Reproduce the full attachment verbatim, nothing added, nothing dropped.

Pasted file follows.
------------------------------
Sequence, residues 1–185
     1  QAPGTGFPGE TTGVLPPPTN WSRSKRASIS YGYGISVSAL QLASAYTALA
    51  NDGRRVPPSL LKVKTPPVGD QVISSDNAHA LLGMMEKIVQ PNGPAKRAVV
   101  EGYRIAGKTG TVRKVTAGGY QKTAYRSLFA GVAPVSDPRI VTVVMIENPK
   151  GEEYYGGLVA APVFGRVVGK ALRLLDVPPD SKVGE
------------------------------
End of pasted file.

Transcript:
Sequence, residues 1–185
     1  QAPGTGFPGE TTGVLPPPTN WSRSKRASIS YGYGISVSAL QLASAYTALA
    51  NDGRRVPPSL LKVKTPPVGD QVISSDNAHA LLGMMEKIVQ PNGPAKRAVV
   101  EGYRIAGKTG TVRKVTAGGY QKTAYRSLFA GVAPVSDPRI VTVVMIENPK
   151  GEEYYGGLVA APVFGRVVGK ALRLLDVPPD SKVGE